Reason No. 2 is that we have the best audiences in the world. For a number of reasons, we have a really wide demographic. College students, high school students, the old school jazz fans and also snow birds, which are at the perfect age to appreciate live music for at least 6 months out of the year
The third reason is the many incredible venues that Pinellas has: The Palladium — upstairs, downstairs, Side Door. The Studio@620, Bob Devin Jones and his team are always presenting musicians, Tampa Jazz Club, WUSF, WMNF they are doing great things. FreeFall Theater, NOVA 535, Venture Compound are always presenting some wild stuff. American Stage is always presenting jazz. You have music venues in every museum, from the Dali to the MFA, the Chihuly, I’m always seeing jazz series there, or partnering with some organizations like Suncoast Jazz Classic. Let’s not forget Ruth Eckerd Hall, Mahaffey and even the Florida Orchestra which recently presented Carmen Bradford, who is fantastic. We cannot forget: the Jazz Club of Sarasota, the South County Jazz Club — just to name a few.
How much do you improvise on stage?
DM: Quite a bit… improvisation is an important element of jazz. The Helios Jazz Orchestra has more written material, but there are always soloists who improvise. I’ve worked with totally free improvisation in groups like SHIM, but my preference is a combination of construction and improvisation. The composed material often sets the stage for the improvisation. I write for and play in O Som Do Jazz (a Brazilian Bossa Nova, samba and MPB group), the Helios Jazz Orchestra (an 18-piece jazz big band), MIFU (the Mobile Itinerant Funk Unit – a street band) and recently the SPC Jazz Profs (a faculty jazz quintet). When I compose, I tend to swing between styles that are either very experimental or very simple and heartfelt. I respect both approaches.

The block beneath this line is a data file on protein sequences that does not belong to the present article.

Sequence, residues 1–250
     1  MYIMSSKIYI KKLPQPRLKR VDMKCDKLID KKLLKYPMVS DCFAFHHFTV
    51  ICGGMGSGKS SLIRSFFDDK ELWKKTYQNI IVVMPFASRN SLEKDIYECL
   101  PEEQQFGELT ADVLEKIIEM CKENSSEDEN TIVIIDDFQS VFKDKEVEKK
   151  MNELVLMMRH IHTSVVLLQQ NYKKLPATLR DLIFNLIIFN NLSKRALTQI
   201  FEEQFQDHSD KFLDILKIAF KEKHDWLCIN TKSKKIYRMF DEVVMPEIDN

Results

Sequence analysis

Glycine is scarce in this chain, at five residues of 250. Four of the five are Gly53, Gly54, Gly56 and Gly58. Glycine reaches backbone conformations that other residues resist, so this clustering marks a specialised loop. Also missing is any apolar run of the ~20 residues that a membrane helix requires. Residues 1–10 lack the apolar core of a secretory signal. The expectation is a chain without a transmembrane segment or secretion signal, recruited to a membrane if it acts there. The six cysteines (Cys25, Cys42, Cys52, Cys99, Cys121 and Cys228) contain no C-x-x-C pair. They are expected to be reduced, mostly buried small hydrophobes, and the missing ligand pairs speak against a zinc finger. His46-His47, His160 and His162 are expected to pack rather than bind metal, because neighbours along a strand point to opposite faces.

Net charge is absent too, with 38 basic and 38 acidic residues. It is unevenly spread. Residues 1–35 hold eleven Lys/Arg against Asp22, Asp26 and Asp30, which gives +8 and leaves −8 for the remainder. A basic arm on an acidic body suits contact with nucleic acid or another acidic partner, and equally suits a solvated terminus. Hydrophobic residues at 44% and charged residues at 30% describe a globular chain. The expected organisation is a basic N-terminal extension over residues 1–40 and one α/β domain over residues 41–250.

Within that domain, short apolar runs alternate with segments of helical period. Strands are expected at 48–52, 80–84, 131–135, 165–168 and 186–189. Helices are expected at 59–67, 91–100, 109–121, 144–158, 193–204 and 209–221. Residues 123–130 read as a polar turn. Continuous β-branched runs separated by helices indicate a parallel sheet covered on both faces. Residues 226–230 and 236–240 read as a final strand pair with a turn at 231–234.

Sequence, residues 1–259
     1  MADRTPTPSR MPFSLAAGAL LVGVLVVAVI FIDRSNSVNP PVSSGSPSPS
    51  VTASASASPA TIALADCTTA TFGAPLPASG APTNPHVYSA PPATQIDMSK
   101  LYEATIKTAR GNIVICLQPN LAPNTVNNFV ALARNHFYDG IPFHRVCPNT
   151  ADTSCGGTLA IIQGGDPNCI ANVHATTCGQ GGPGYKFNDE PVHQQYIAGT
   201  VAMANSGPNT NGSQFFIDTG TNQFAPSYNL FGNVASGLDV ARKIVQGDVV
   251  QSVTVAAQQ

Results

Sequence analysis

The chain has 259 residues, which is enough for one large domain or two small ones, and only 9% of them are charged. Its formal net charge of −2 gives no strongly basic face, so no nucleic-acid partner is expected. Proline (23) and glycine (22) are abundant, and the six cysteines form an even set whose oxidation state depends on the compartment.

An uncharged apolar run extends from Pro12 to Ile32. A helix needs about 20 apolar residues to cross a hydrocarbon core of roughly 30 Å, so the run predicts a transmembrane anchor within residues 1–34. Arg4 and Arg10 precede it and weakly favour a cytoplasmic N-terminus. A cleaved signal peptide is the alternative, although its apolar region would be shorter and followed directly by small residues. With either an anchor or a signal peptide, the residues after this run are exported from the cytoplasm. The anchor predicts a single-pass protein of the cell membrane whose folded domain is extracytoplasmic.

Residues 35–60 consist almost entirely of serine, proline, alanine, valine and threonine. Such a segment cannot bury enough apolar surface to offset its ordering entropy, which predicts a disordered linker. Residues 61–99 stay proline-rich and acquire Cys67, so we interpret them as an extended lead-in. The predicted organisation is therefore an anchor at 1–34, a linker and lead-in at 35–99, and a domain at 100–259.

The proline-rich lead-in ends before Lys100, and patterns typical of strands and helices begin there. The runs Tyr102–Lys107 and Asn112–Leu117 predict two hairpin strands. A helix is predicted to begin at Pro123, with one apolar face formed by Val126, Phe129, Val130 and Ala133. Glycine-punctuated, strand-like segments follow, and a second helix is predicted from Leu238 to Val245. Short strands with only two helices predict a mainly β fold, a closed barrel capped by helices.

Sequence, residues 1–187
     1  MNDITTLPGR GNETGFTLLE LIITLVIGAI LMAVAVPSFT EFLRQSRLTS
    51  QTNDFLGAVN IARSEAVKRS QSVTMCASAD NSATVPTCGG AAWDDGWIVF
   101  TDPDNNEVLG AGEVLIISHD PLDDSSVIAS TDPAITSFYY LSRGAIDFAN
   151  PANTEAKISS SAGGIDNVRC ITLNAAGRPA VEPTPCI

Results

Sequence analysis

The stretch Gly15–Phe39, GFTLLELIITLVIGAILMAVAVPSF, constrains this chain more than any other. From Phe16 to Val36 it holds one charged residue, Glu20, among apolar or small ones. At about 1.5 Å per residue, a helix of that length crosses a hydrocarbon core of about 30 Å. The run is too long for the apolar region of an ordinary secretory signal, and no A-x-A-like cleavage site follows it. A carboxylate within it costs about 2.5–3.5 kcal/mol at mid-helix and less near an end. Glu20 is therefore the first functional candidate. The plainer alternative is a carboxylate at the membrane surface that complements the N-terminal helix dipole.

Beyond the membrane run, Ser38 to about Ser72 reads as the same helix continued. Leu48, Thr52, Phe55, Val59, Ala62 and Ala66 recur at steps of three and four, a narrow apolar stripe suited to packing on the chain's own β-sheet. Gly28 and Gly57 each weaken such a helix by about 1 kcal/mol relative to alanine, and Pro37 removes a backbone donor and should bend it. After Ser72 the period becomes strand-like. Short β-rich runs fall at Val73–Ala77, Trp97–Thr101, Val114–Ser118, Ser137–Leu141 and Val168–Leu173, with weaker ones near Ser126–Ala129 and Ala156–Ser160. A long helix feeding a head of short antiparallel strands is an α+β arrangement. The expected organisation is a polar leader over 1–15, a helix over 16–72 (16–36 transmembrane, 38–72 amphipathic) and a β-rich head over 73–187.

MF: It depends. I write music for our band La Lucha, I might start with a simple melody I record in my phone, usually sounds horrific, just like a rough track and we take it from there. At least when I’m writing a song, the drum line is the last thing that I’m thinking about. Sometimes Alejandro Arenas (bassist for La Lucha) might bring something with a Latin influence, and we try different things, but in rehearsal you never play the ten minute version that sometimes arises in a live show. We are basically working on sections and when we play it live it expands to a different place, through the audience and the venue. … The key or the harmony might change on a specific song, and it might influence me to do something different. I’m not playing a harmonic or melodic instrument (Feinman is a drummer) but I’m definitely influenced by those factors. And I’m always exploring and finding new things, always asking questions. I’m always challenging myself every time I think I know something. I arrive at the deeper end of the pool where I have no idea. And that’s how I like to progress forward.
Tell us a little bit about your musical path — what do dedication versus challenges and practicing your instrument mean to you?